60. Oakman J, Kinsman N, Stuckey R, Graham M, Weale V. A rapid review of mental and physical health effects of working at home: how do we optimise health? BMC Public Health. 2020;20(1):1–13.

    Article  Google Scholar 

Download references




This study was funded by the National Institute for Health and Care Research Health Protection Research Unit (NIHR HPRU) in Emergency Preparedness and Response, a partnership between the UK Health Security Agency, King’s College London and the University of East Anglia. The views expressed are those of the author(s) and not necessarily those of the NIHR, UKHSA or the Department of Health and Social Care. For the purpose of open access, the author has applied a Creative Commons Attribution (CC BY) licence to any Author Accepted Manuscript version arising.

Author information

Authors and Affiliations



CEH, DW, SKB and NG conceptualised the review, created aims and established inclusion criteria. CEH, LD and SKB conducted the database searches and all screening in accordance with the inclusion criteria. CEH conducted quality appraisal of included papers. CEH carried out the analysis, and CEH drafted the initial manuscript; all authors provided critical revision of intellectual content. All authors reviewed and approved the final manuscript.

Corresponding author

Correspondence to Charlotte E. Hall.

Ethics declarations

Ethics approval and consent to participate

Not applicable.

Consent for publication

Not applicable.

Competing interests

The authors declare no competing interests.

Additional information

Publisher's Note

Springer Nature remains neutral with regard to jurisdictional claims in published maps and institutional affiliations.

Supplementary Information

Additional file 1:

Supplemental Table 1. Search Strategy. Supplemental Information Table 2. Grey literature Searches.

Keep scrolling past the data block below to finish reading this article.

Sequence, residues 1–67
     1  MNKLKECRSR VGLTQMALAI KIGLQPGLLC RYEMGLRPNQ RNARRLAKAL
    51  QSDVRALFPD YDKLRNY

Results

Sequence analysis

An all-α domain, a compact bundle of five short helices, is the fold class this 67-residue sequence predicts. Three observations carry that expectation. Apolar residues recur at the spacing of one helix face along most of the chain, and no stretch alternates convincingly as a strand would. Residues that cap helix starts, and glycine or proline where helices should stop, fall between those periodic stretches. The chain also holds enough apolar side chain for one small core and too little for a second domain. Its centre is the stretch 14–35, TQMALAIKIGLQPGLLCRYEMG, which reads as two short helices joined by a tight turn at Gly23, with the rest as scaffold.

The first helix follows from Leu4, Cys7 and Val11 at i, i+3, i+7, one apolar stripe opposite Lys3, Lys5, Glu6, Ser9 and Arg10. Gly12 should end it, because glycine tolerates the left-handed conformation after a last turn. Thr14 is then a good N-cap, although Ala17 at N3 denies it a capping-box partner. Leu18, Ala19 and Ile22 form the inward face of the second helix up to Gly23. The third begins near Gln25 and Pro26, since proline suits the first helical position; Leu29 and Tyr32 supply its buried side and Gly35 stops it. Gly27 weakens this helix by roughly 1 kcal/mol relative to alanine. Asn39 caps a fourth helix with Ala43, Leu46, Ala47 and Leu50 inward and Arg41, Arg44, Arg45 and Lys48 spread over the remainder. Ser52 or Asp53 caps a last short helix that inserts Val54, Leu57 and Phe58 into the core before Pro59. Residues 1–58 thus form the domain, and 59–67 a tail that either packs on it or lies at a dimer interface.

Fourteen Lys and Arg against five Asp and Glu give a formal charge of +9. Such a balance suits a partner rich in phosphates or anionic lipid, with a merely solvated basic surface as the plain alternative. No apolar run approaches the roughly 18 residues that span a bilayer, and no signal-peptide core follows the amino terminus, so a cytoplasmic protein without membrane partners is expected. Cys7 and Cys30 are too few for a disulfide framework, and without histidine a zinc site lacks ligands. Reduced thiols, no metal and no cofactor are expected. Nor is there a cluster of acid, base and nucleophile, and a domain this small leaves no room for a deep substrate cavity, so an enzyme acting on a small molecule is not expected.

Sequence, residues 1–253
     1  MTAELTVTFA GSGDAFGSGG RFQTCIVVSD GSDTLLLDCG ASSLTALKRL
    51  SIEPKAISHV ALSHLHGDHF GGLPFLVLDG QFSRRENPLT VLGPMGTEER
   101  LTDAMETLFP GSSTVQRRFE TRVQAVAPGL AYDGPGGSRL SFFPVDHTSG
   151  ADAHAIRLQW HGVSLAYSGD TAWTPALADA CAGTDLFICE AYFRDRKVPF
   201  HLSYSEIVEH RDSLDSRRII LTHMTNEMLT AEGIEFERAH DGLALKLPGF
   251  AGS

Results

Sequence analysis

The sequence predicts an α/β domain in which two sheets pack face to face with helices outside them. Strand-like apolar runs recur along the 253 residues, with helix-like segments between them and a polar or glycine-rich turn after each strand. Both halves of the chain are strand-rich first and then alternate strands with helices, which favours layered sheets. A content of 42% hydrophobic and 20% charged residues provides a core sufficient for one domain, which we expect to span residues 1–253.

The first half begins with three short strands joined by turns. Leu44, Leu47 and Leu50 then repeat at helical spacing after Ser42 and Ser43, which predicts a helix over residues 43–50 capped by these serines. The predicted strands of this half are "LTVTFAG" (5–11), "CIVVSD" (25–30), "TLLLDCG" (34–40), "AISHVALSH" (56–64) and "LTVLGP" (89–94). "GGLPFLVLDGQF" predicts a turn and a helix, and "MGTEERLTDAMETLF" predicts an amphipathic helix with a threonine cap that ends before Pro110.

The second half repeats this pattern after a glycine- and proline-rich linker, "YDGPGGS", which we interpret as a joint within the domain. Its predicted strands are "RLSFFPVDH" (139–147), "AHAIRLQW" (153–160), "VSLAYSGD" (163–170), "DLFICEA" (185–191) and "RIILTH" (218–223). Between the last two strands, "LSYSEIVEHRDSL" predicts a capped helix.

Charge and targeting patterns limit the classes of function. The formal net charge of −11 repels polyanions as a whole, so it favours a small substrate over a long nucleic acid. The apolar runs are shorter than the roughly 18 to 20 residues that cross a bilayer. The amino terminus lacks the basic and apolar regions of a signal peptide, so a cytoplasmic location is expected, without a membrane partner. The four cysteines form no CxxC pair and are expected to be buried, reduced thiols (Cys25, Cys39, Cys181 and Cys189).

Rights and permissions

Open Access This article is licensed under a Creative Commons Attribution 4.0 International License, which permits use, sharing, adaptation, distribution and reproduction in any medium or format, as long as you give appropriate credit to the original author(s) and the source, provide a link to the Creative Commons licence, and indicate if changes were made. The images or other third party material in this article are included in the article's Creative Commons licence, unless indicated otherwise in a credit line to the material. If material is not included in the article's Creative Commons licence and your intended use is not permitted by statutory regulation or exceeds the permitted use, you will need to obtain permission directly from the copyright holder. To view a copy of this licence, visit The Creative Commons Public Domain Dedication waiver ( applies to the data made available in this article, unless otherwise stated in a credit line to the data.

Reprints and permissions

About this article

Check for updates. Verify currency and authenticity via CrossMark

Cite this article

Hall, C.E., Davidson, L., Brooks, S.K. et al. The relationship between homeworking during COVID-19 and both, mental health, and productivity: a systematic review. BMC Psychol 11, 188 (2023).

Download citation

  • Received:

  • Accepted:

  • Published:

  • DOI: